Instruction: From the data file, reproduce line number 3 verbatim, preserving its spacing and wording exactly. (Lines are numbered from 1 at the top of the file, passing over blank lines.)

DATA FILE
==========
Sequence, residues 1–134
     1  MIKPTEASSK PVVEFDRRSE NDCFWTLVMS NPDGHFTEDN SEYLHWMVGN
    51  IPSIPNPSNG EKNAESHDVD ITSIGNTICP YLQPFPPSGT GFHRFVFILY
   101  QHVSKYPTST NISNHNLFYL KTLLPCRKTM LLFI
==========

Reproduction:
    51  IPSIPNPSNG EKNAESHDVD ITSIGNTICP YLQPFPPSGT GFHRFVFILY